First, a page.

The Miss America Organization has always been — and continues to be — misunderstood by the public. The mission of this organization has been granting scholarship money for those very special women who are revered for their beauty, talent, and academic accomplishments as well as their well-toned physiques and their personal civic-minded platforms.

These women are truly “a cut above” in every respect.

Unfortunately, the glamour has overshadowed the real purpose of what this organization stands for as the country’s largest scholarship competition for women. A new lawsuit claims that the organizations two top leaders ”orchestrated an illegal and bad faith takeover of the Miss America Organization” which includes a restraining order and injunction to stop the current leadership and board from further damage of the organization’s operations as noted in the lawsuit. A hearing in Atlantic City will take place at the Atlantic County Courthouse on Jan. 25.

What troubles me most is the organization, through failed leadership over countless years, has not worked diligently to use its visibility and high profile to create many charitable events, nor has there been any viable attempts at fund-raising through marketing, merchandising, and solicitation.

Instead, the Miss America Organization has relied on handouts from the Casino Reinvestment Development Authority and the Children’s Miracle Network and Television Programming to remain alive. Amazingly, the Miss America Organization has not raised a single dollar on its own in well over 15 years. It has become totally dependent on the financial generosity of others.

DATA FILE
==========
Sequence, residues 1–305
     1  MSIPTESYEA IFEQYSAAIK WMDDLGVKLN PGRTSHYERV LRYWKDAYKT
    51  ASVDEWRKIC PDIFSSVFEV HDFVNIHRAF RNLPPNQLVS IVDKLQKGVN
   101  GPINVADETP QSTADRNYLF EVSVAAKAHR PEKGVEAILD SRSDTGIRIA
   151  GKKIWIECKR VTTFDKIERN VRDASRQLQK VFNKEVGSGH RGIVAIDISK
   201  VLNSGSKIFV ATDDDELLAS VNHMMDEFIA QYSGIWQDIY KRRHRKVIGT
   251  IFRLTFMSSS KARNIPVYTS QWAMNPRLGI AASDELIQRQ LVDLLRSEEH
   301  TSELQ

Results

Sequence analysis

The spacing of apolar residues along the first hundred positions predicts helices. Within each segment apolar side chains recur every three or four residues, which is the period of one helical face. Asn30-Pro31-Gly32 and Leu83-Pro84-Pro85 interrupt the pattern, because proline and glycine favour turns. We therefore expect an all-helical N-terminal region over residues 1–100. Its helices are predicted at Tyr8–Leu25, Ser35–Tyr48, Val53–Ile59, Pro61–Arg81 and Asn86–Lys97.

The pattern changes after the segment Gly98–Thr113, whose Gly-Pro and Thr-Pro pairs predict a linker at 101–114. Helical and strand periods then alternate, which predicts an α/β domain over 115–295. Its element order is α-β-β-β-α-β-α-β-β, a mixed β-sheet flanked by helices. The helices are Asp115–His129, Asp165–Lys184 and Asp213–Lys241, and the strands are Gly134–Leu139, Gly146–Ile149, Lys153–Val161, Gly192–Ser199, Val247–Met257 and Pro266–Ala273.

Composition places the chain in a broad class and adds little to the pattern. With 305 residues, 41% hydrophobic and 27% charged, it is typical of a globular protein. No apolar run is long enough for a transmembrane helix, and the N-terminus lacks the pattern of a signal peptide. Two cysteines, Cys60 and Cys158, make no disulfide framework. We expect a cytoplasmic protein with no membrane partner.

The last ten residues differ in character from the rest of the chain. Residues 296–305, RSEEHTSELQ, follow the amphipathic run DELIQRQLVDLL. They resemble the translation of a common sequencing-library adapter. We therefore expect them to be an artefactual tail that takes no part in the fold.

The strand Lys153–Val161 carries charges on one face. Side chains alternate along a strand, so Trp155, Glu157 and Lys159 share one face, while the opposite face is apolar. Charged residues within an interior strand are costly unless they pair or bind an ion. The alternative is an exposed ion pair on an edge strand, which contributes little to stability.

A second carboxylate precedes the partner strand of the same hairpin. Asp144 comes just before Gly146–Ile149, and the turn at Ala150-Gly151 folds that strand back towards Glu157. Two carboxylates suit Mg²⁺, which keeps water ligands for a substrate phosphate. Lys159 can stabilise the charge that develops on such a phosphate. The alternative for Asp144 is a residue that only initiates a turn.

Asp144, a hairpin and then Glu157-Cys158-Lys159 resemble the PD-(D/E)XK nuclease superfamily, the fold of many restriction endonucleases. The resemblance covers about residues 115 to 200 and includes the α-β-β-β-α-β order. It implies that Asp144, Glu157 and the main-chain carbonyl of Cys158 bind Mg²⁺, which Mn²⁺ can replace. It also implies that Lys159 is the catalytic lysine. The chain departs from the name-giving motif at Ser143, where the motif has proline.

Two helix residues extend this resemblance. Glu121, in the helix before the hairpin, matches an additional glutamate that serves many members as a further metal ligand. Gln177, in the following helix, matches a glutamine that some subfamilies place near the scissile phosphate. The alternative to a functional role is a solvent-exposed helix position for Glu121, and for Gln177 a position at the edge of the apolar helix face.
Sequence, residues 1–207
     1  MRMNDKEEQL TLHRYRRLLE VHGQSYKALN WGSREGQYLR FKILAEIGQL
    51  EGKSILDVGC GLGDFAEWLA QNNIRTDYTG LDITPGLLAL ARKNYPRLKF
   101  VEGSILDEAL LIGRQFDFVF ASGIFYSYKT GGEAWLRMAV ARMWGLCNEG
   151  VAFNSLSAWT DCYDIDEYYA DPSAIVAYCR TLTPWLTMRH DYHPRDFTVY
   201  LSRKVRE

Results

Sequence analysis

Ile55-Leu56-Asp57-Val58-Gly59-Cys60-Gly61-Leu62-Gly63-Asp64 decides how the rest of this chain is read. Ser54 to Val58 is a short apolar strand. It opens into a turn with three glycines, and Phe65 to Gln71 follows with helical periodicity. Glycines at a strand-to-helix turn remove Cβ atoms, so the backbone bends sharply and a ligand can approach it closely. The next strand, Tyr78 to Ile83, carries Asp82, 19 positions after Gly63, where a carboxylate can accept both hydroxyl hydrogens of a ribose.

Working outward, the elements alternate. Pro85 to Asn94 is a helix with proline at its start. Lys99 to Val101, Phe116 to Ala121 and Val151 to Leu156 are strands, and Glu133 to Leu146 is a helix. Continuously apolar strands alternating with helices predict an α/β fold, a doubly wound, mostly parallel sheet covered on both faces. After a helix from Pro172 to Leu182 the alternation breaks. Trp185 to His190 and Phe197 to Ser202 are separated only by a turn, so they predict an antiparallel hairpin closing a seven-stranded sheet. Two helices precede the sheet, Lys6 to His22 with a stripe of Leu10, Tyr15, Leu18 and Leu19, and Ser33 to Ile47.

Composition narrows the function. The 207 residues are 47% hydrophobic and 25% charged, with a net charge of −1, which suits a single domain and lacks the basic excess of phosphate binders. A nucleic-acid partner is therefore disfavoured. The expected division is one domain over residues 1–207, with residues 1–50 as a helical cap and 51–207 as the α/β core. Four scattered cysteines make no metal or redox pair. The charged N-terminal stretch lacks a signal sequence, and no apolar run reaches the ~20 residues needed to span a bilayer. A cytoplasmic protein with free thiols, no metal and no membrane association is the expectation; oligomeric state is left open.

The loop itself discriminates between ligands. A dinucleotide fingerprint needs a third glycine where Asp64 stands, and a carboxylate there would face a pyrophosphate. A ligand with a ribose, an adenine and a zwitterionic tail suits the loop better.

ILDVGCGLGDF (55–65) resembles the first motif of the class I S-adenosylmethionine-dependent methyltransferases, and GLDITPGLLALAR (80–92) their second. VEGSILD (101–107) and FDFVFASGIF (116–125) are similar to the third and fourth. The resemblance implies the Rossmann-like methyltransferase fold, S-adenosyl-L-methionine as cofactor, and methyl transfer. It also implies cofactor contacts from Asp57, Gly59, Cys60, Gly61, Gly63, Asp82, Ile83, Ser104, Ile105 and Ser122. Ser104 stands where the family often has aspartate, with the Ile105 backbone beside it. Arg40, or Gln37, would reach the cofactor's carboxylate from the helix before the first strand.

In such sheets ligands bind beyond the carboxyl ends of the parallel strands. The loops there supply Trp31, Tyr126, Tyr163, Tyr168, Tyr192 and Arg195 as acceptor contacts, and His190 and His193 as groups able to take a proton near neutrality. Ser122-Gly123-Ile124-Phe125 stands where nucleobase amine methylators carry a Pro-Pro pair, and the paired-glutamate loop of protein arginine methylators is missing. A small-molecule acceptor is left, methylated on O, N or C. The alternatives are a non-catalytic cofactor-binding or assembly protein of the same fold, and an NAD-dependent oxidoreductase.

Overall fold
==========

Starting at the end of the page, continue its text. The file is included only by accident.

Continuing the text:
It’s time to get back to the basics, to focus on who Miss America is and what she represents.

Miss America does not need a concept change. Things like motivation and support will never be outdated.

But we need to protect and cherish this organization that for so many years has been admired and revered. The Miss America Organization should be raising significant funds and awarding each new Miss America a $1 million scholarship, rather than a mere $50,000. That’s how much money contestants win on the average TV game show.

The Miss America Organization should have a sizable war chest of money to secure the best hosts, star-studded talent, the top judges and to stage a magnificent production. All of that needs to be surrounded by a national publicity and advertising campaign to make sure this night is no less important than any other televised awards show.

Miss America leadership of the recent past and into today have completely missed the mark for understanding the organization. They have forgotten the volunteers, the community, and the business owners who worked to help continue the path first traveled 100 years ago.

Contrary to popular belief, the Miss America pageant isn’t dead.

What the pageant needs now are entrepreneurial leaders with accomplished résumés who are not self-serving and shortsighted. They’re the ones who should lead the pageant further into the 21st century and interweave business and marketing strategies with the thousands of volunteers across the country who love participating in the evolution and shaping of successful young minds.

The pageant needs the strong leadership like the kind you can see on the reality series “Shark Tank,” with business dynamos like Barbara Corcoran, Robert Herjavec, and even the astute mind of Kevin “Mr. Wonderful” O’Leary.

Now is the time for the Miss America Organization to embrace its responsibility to pass the torch to future generation of little girls whose eyes sparkle with wonder as they fantasize about one day earning that crown and fulfilling their hopes and dreams.

Finally, the pageant’s leaders must show some gratitude and appreciation for a century of support by resurrecting and repairing Miss America’s broken relationship with Atlantic City and thanking this gracious community for standing behind Miss America for 90 years.

Without Atlantic City, Miss America would have never become the gold standard of similar competitions around the world.

It’s time for the Miss America Organization to get it right.

Suzette Charles is an American singer, entertainer, and actress. She was Miss New Jersey in 1983, and served as Miss America 1984 for seven weeks after Vanessa Williams was forced to resign from the position that July.